Julius’ remains open to this day and has been designated as a historic landmark by the New York City Landmarks Preservation Commission. Today, New York City is home to a vibrant LGBTQ+ community, and many bars and establishments continue to serve as safe spaces for the community to gather, celebrate and express themselves.

What is Stonewall Inn famous for?

Stonewall Inn, located in New York’s Greenwich Village, is a bar that has become a symbol of the LGBTQ+ rights movement. It was in the early morning hours of June 28, 1969, that the Stonewall uprising began inside the Stonewall Inn. During that period, LGBTQ+ rights were not recognized in the United States, and individuals who identified as LGBTQ+ faced discrimination, harassment, and persecution. In that era, police raids on gay bars were common, and it was also illegal for bars or establishments to serve alcohol to gay people.

The Stonewall Inn was one of the few bars in New York City that welcomed LGBTQ+ people, but even then, it was illegal, and the bar – which was owned by the Mafia – was frequently raided by the police. However, on June 28, 1969, patrons at Stonewall Inn decided to resist the police raid, and it sparked what later became known as the Stonewall uprising.

The events of that night started inside the Stonewall Inn and spread outside across the street in Christopher Park and on several surrounding streets. People who were sick of being discriminated against and harassed by the police banded together and pushed back against the officers. The police responded with violence, but the protestors were undeterred and refused to back down.

The Stonewall uprising sparked LGBTQ+ activism, and it is credited as a key turning point in the LGBTQ+ rights movement. LGBTQ+ communities began organizing and advocating for their rights across the country, and within just a few years after the Stonewall uprising, the first gay pride parades were held.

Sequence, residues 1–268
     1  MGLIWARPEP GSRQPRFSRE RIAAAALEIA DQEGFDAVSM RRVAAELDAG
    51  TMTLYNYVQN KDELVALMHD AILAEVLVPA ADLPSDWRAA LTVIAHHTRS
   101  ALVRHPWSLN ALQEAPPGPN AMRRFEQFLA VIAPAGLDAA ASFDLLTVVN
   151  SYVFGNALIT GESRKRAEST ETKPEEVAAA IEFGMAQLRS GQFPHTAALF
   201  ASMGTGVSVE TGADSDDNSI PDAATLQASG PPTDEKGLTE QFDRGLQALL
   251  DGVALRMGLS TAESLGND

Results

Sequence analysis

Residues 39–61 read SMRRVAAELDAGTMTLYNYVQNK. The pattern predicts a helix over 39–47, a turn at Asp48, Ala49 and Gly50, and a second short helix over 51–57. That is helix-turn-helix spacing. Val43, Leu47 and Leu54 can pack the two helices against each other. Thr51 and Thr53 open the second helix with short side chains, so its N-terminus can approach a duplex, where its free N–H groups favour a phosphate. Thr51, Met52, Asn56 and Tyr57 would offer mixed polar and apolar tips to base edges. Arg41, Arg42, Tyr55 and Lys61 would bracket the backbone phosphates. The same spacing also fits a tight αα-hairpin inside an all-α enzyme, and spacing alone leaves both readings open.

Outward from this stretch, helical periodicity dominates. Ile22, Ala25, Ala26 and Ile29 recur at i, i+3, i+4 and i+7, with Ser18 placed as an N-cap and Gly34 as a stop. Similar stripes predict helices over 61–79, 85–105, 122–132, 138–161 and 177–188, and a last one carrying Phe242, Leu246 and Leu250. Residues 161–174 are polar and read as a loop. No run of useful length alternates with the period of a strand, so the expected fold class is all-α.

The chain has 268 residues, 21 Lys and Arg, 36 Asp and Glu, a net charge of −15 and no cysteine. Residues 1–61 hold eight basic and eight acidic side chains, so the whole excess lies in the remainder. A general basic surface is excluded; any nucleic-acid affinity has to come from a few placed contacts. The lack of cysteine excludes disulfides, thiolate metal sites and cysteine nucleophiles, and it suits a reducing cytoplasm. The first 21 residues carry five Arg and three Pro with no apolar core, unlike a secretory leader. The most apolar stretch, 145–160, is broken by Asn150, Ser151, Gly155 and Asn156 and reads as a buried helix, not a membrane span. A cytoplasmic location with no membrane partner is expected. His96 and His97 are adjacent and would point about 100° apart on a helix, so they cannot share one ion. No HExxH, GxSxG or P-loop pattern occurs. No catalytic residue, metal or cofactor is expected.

Since then, Stonewall Inn has become a symbol of resistance, perseverance, and pride for the LGBTQ+ community. It was designated as a National Historic Landmark in 2000, and every year, on the anniversary of the Stonewall uprising, millions of people gather around the world to celebrate Pride Month and honor the bravery and resilience of the people who fought back that night in 1969.

What is the oldest gay bar on the East Coast?

The East Coast of the United States is known for its vibrant LGBTQ+ community, which has a rich history of activism, advocacy, and cultural expression. One aspect of this community is the many gay bars and nightclubs that have served as important gathering places over the years. Among these venues, there is one establishment that stands out as the oldest, continually operating gay bar on the East Coast: Julius, located in New York City.

Julius is a historic landmark of the West Village neighborhood, on the corner of West 10th Street and Waverly Place. The establishment dates back to 1867, when it opened as a grocery store and bar for local workers. Over the years, it gained a reputation as a popular spot for gay men, who were often subject to discrimination and harassment at other bars around the city.

In 1966, Julius made headlines as the site of a historic protest by members of the Mattachine Society, an early LGBTQ+ rights organization. The group staged a “sip-in,” during which they challenged the state’s liquor laws that barred openly gay people from being served alcohol. The demonstration helped to pave the way for greater acceptance and visibility for the LGBTQ+ community, and Julius became an iconic symbol of this struggle.

Today, Julius remains a popular destination for locals and visitors alike, offering a mix of classic cocktails, casual ambiance, and historical significance. Although it has undergone various renovations and updates over the years, the bar has retained much of its original charm and character, with wooden stools, vintage decor, and a friendly, welcoming atmosphere.

Julius is the oldest, continually operating gay bar on the East Coast, with a history and legacy that has helped to shape the LGBTQ+ community in New York City and beyond. As a testament to its endurance and resilience, it continues to serve as a beacon of hope and pride for all those who seek a place to call home.